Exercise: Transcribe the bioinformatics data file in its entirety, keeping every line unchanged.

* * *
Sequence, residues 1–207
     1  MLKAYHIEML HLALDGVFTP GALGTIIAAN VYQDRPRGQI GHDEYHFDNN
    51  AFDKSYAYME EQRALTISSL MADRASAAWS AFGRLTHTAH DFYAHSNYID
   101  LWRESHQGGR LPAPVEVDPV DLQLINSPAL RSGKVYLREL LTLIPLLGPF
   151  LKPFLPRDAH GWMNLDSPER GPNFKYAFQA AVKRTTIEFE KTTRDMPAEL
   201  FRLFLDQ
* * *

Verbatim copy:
Sequence, residues 1–207
     1  MLKAYHIEML HLALDGVFTP GALGTIIAAN VYQDRPRGQI GHDEYHFDNN
    51  AFDKSYAYME EQRALTISSL MADRASAAWS AFGRLTHTAH DFYAHSNYID
   101  LWRESHQGGR LPAPVEVDPV DLQLINSPAL RSGKVYLREL LTLIPLLGPF
   151  LKPFLPRDAH GWMNLDSPER GPNFKYAFQA AVKRTTIEFE KTTRDMPAEL
   201  FRLFLDQ